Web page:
Here’s another concept that is difficult to get your head around: the single-celled organism Tetrahymena thermophila has not two distinct genders — our male and female — but SEVEN.
So let's talk about sex.
The further you delve into what sex is all about, what the definitions of terms such as ‘gender’ are and the biological roles each ‘gender’ play the more muddled they become. Our classical understanding is undermined by exceptions at each level.
In nature, you might presume, it is the female who gives birth and rears the young. But not so for the pygmy marmoset, where it is the male who diligently rears the young as soon as they are born, only giving them back to their disinterested mother for feeding. The female seahorse lays the fertilised eggs into a pouch on the male, who then carries them throughout the entire pregnancy and gives birth to the baby seahorse proper. Traditional parenting roles do not, therefore, define gender.
|X and Y chromosomes|
At a genetic level, there is also no standard. Each organism contains two copies of each chromosome, a self contained package of DNA, one of many in the organism like a chapter in a book. The number of chromosome pairs differs in each species, but typically there is one pair devoted to defining the gender of the individual; in humans and mammals these are the X and Y chromosomes — XX for female, XY for male. You receive one copy of each chromosome from each parent.
But this is not the case across the animal kingdom. In some insects, XX denotes female whereas X0 denotes male, an individual with only one chromosome. In birds, the system is reversed: females are ZW, whereas males are ZZ. In social insects, such as bees and ants, fertile males have half of the number of chromosomes as females, who can reproduce without males. This produces a system in which progeny do not inherit ½ of their genes from mum and ½ from dad but instead can be statistically ¾ alike. Then, of course, there are asexual, parthenogenetic or hermaphroditic organisms which, through a variety of genetic means, can reproduce without a mate at all and therefore do not strictly have male and female genders.
It gets stranger. The black howler monkey has not one but four sex chromosome pairs and female and male platypuses are not XX and XY, respectively, but... wait for it... XXXXXXXXXX and XYXYXYXYXY.
But if we ignore the myriad elaborations on the genetic model of gender, can we at least conclude that male and female are defined according to different genetic contributions to their offspring?
In turtles and other reptiles, sex determination is not controlled by genetics but by temperature. Turtle eggs are buried together underground, creating a warm nest. Typically, the eggs in the centre, which are therefore the warmest, produce female turtles whereas those on the edge, and therefore the coolest, produce males. Exceptions, as ever, apply.
In some species of fish, too, gender is not controlled by genetics but by social hierarchy. When the sole female bluehead wrasse dies in her school, she is replaced by a male who becomes female.
The definition of male and female is not therefore related to parental contribution, physical birth or genetic determinants. It’s something altogether simpler. The female is the one who makes the egg cell (ovum, or equivalent), which contains both genetic information and means to sustain the early embryo, and the male is the one who produces a mobile cell (be it sperm, pollen or another cell type) that contributes DNA to the female ovum, rather than the other way round*. Males cannot mate with males; females cannot mate with females.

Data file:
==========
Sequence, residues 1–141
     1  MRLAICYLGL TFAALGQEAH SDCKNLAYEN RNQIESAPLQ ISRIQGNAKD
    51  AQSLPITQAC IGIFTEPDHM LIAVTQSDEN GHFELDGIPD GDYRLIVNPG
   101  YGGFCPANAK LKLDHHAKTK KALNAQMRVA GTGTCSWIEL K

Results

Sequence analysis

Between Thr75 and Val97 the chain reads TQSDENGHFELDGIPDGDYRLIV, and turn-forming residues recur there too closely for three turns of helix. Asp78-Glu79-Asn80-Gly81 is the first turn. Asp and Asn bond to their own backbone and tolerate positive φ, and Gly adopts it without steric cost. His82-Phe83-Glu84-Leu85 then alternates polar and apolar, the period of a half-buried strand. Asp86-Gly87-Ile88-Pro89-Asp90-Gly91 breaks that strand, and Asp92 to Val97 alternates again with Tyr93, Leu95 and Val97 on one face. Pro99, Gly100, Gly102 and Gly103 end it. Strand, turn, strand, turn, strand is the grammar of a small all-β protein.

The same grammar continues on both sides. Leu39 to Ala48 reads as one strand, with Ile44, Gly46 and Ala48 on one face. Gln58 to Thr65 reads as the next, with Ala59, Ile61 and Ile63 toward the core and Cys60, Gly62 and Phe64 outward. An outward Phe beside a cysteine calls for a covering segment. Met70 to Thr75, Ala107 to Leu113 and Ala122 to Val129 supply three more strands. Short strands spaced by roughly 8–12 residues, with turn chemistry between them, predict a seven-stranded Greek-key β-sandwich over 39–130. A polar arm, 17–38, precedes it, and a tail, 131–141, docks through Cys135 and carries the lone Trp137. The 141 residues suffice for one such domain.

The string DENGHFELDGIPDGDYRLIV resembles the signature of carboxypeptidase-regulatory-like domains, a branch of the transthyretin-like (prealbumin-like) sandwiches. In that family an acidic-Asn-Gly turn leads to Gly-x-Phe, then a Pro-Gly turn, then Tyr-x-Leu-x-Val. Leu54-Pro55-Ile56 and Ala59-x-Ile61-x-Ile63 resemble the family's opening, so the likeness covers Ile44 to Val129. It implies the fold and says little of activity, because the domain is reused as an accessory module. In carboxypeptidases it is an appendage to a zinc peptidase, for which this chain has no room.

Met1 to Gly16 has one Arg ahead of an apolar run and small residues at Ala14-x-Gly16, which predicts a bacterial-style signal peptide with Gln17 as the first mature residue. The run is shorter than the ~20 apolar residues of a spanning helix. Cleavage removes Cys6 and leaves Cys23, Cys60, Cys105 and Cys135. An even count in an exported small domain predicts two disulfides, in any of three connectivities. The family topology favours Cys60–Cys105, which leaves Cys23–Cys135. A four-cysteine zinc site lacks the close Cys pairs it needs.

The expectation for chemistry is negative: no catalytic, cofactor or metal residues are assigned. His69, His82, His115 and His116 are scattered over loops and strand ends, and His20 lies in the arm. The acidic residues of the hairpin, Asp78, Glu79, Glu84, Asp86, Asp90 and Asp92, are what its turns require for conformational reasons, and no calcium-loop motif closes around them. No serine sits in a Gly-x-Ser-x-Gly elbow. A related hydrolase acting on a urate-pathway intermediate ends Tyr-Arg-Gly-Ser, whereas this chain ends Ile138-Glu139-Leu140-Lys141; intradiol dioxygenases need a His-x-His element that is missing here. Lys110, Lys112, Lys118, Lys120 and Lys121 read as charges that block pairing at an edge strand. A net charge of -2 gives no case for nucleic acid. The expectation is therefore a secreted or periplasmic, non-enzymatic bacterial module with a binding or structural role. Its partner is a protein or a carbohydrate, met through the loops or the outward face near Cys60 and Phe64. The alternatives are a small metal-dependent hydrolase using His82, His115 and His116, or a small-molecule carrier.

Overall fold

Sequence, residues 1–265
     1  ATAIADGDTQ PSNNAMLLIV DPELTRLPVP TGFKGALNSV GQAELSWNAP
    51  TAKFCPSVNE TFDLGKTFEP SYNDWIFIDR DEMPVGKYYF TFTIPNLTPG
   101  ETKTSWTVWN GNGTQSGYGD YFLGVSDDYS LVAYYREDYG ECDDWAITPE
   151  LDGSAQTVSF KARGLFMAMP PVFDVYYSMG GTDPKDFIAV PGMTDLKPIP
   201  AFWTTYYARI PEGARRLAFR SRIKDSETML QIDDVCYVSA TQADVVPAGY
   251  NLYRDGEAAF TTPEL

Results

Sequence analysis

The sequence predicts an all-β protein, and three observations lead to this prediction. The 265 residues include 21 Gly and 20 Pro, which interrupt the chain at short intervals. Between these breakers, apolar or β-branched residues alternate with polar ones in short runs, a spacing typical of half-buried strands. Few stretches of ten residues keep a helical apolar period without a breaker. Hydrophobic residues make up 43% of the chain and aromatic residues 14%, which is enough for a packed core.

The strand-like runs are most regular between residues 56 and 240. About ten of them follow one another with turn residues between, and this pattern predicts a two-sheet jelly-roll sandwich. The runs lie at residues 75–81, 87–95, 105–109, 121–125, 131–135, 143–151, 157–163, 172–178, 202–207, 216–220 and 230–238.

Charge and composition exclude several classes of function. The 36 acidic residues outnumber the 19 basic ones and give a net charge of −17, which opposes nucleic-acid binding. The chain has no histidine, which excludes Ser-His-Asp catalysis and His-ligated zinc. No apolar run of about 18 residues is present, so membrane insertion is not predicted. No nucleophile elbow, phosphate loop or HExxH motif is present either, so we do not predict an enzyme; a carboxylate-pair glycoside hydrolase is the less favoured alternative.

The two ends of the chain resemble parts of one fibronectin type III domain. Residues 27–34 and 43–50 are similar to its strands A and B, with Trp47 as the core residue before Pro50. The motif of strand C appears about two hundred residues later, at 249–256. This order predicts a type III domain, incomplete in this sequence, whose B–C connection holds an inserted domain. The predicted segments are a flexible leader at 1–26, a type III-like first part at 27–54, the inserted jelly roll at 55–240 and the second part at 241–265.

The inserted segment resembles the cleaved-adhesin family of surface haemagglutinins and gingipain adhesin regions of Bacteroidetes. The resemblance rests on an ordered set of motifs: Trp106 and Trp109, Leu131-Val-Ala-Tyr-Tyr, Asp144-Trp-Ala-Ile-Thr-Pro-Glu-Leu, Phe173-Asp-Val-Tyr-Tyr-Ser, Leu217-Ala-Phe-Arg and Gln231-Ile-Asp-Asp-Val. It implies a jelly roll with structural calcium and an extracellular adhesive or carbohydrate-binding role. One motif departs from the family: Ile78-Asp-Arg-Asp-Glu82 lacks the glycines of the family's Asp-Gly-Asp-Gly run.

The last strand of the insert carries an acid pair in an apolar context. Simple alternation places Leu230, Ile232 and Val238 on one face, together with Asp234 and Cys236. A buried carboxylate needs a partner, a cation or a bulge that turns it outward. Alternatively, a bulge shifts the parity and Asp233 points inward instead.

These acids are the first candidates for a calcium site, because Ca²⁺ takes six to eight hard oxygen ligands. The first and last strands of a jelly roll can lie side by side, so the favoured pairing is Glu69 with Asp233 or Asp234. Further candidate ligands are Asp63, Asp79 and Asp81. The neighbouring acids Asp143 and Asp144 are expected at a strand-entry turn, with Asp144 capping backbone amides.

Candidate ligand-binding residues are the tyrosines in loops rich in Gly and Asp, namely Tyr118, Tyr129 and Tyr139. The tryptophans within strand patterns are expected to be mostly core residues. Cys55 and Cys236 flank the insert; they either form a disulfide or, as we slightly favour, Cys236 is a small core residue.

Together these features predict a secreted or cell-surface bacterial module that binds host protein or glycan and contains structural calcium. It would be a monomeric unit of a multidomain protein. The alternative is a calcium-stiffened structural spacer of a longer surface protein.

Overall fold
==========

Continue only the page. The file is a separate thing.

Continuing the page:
But all of these definitions and distinctions go out of the window for the weird and wonderful model organism Tetrahymena thermophila, which exists in any one of seven numbered genders, I to VII. Such a system is beneficial, for the genders are self-incompatible, as in the male–female system, allowing a greater possibility of finding a genetically compatible mate. No longer are half of the population off limits, only one-seventh. And Tetrahymena thermophila has another quirk: the seven sexes are not equally common, nor are they determined by temperature, ecology or genetics.
For them, a third mechanism of sex determination exists: probability.
In this species the gene mat, short for mating locus, has fourteen different versions, called alleles. The presence of each allele offers a different probability of being a particular gender. For example, an organism with the mat-2 allele has a probability of 0, 0.15, 0.09, 0.47, 0.05, 0.14 and 0.1 of being gender I–VII, respectively. This vague method of sexual determination produces skewed sex ratios, where mating types are not equally likely, but the fact that one individual can mate with six-sevenths of the population, not only half, gives it a competitive edge for recovery in times of stress and population loss.
But how, you may be asking, can a single-celled organism use sexual reproduction at all? An organism of only one cell surely has to put up with the basic asexual method, dividing into two without varying its genes?
It’s a wonderful and always bemusing world out there. Nature has a habit of challenging our perceptions about the world, often in the strangest of places. But if you’ve learnt nothing else from this piece, I leave you with one final strange thought. Conjugation is also the method adopted by bacteria. Yep, even bacteria have sex.
Full (main) references:
Paixão, T., Phadke, S. S., Azevedo, R. B. R. & Zufall, R. A. Sex ratio evolution under probabilistic sex determination. Evolution 65-7: 2050–2060 (2011)
Arslanyolu, M. & Doerder, F. P. Genetic and environmental factors affecting mating type frequency in natural isolates of Tetrahymena thermophila. J. Eukaryot. Microbiol. 47, 412–418 (2000)
*No doubt people will find exceptions to this also.